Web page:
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Film Review: The Incredible Hulk

The Incredible Hulk (2008; Directed by Louis Leterrier)

Louis Leterrier’s The Incredible Hulk was the only remaining movie in the Marvel Cinematic Universe that yours truly had yet to see. Which is fitting, given its redheaded stepchild profile in the MCU. As the second MCU installment after the more consistently appreciated (and even beloved) hit Iron Man, The Incredible Hulk sees Marvel Studios still getting their footing, figuring out the casting, structure, themes, cinematography, tone, and action profile that would define their outrageously successful superhero blockbuster formula for the following decade. As a result, this is one of the MCU’s weakest films, and its aftermath represents one of the rare times that Marvel would decide to retool their movie universe on the fly.

The Incredible Hulk was not only one of Marvel Studios’ clumsy first steps towards the culture-spanning shared cinematic universe that they would eventually put together. It was also a re-orientation attempt following Ang Lee’s Hulk in 2006, which featured Eric Bana in the Bruce Banner/Hulk role and approached the material with a mix of comic-book goofiness and open-eyed poetic sincerity typical of its auteur. Critical, commercial, and fan reaction to Lee’s Hulk was mixed, hence Marvel and Universal (the latter studio owns the solo Hulk film rights still, hence the character’s supporting appearances only in Disney-produced MCU films) neither embracing its particular aesthetic and tone nor entirely disowning it with a hard reboot. This kid-gloves page-turning effort lead to The Incredible Hulk being billed as a “requel”, a nigh-on insufferable movie-biz buzzword portmanteau of “reboot” and “sequel” that feels like a bitter root on the tongue.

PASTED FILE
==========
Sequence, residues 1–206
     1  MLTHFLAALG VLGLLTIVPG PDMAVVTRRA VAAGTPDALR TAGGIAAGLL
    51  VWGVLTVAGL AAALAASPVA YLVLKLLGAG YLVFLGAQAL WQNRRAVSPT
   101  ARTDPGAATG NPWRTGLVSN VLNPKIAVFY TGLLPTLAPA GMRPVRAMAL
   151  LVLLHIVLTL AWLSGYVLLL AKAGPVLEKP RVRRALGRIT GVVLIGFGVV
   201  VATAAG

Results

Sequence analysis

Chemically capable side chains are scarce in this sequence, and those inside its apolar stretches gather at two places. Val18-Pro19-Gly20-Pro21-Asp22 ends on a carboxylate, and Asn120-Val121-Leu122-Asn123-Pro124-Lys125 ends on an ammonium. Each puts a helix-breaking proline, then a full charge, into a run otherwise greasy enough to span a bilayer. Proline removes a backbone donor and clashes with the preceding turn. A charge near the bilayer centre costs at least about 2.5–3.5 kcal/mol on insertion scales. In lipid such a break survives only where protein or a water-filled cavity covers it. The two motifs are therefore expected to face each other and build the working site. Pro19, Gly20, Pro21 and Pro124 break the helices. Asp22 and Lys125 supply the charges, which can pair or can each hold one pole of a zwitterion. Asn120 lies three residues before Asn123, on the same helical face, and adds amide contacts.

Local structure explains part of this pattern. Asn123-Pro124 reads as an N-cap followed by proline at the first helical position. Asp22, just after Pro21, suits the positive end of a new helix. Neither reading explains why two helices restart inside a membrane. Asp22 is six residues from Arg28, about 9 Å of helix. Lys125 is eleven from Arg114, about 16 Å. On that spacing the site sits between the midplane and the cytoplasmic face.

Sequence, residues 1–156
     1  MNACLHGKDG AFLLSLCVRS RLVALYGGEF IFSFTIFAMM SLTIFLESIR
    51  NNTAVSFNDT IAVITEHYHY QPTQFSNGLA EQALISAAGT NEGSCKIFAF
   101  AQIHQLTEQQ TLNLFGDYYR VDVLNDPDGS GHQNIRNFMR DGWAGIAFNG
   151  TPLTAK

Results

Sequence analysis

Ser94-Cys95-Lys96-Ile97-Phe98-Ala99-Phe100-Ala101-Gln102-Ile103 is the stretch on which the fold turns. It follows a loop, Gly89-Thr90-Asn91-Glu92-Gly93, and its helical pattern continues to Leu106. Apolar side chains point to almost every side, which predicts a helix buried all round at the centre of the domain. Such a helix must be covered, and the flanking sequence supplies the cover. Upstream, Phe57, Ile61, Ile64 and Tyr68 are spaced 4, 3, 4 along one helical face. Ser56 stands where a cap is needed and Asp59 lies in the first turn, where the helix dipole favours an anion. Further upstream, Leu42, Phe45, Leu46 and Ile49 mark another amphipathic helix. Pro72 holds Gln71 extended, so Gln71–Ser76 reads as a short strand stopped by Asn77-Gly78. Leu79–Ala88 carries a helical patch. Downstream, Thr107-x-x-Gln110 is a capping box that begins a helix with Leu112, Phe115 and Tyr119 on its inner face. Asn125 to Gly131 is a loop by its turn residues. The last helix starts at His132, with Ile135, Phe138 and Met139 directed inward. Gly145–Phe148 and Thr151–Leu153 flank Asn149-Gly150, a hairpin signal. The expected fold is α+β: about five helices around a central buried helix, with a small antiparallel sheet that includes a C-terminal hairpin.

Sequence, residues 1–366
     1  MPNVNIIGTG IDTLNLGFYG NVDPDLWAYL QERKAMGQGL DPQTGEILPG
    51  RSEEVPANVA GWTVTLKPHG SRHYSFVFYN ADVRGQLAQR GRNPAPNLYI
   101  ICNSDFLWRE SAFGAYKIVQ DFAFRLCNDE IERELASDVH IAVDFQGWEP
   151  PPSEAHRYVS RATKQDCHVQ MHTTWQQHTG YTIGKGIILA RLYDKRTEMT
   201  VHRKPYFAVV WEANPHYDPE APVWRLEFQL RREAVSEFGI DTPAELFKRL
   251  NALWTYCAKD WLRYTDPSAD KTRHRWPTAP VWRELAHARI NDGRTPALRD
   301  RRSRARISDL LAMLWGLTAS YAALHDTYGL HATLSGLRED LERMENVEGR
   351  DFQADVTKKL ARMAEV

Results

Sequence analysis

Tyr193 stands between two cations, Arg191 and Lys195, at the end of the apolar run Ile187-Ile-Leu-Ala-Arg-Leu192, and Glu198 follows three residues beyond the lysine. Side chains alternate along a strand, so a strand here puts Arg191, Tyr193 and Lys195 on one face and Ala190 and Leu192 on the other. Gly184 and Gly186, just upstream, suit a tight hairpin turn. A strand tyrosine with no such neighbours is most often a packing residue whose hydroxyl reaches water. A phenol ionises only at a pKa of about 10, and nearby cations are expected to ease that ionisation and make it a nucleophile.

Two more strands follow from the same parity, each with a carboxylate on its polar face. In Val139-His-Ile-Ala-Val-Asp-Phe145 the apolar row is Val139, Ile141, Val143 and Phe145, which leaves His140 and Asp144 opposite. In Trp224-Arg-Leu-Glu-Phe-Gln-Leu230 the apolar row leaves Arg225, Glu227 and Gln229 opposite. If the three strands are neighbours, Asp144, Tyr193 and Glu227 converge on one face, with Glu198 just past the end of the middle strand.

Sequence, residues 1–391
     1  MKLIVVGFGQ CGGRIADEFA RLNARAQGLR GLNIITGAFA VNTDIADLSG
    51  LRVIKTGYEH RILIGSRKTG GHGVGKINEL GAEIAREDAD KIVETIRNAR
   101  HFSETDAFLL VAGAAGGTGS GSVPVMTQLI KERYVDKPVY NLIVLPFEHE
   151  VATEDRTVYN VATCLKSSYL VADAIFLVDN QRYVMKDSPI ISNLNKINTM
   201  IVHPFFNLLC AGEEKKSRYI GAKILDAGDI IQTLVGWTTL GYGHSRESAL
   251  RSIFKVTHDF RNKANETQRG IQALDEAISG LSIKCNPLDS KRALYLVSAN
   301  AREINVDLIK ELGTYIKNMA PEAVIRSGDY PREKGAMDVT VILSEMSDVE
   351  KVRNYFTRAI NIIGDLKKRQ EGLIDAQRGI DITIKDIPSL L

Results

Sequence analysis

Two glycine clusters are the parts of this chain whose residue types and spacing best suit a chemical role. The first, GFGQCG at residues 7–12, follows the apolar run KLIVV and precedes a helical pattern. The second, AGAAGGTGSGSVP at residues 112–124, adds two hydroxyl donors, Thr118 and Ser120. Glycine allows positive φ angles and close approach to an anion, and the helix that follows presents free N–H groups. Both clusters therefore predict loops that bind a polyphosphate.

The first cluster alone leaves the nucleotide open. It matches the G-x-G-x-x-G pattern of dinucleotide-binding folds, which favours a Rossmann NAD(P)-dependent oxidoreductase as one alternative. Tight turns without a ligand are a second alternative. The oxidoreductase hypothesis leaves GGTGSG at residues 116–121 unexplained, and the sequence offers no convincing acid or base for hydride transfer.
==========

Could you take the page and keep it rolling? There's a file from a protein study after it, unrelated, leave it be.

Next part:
The half-empty/half-full nature of “requel” does actually typify the inconsistent tone and effect of The Incredible Hulk, a movie with one foot in confused standard-issue genre conformity and another (all too tentatively) in the confident scope of the later MCU. Much of this uncertain tone stems from the movie’s star, Edward Norton, taking Bana’s place as brilliant but isolated scientist Bruce Banner and (with ample CGI assist) as the hulking, destructive, impervious, gamma-irradiated green creature that he turns into when his heart rate becomes a bit too elevated. Norton is too good an actor not to be good in the role; his own sense of responsibility when it comes to the actor’s craft shows through in Banner’s sense of responsibility for managing the danger of the Hulk, and he treats Banner’s anxiety and determination regarding his predicament very seriously. But maybe too seriously; Norton strains to give such convincing interiority to Banner’s struggle with the forces that give rise to the Hulk that the exteriority can be lacking.

The big green monster is plenty exterior, of course; the Hulk is a comic-book Dr. Jekyll and Mr. Hyde conceit, but it’s also a very blunt metaphor for internal psychological turmoil personified and made physically manifest in hypermuscular verdant form. Norton is a fine casting choice for a psychologically realist Banner/Hulk, but this is a film only intermittently interested in exploring that angle on the character, frequently choosing spectacle and humour instead, the latter which is patchy and awkward compared to later MCU films. Little wonder, given this angle of focus, that despite Norton’s interest in continuing in the role (and perhaps partly because of his creative seriousness and insistence on input into the future direction of the character on a screenplay level), Marvel re-cast Mark Ruffalo to give the role more rounded contours for the character’s next appearance in The Avengers.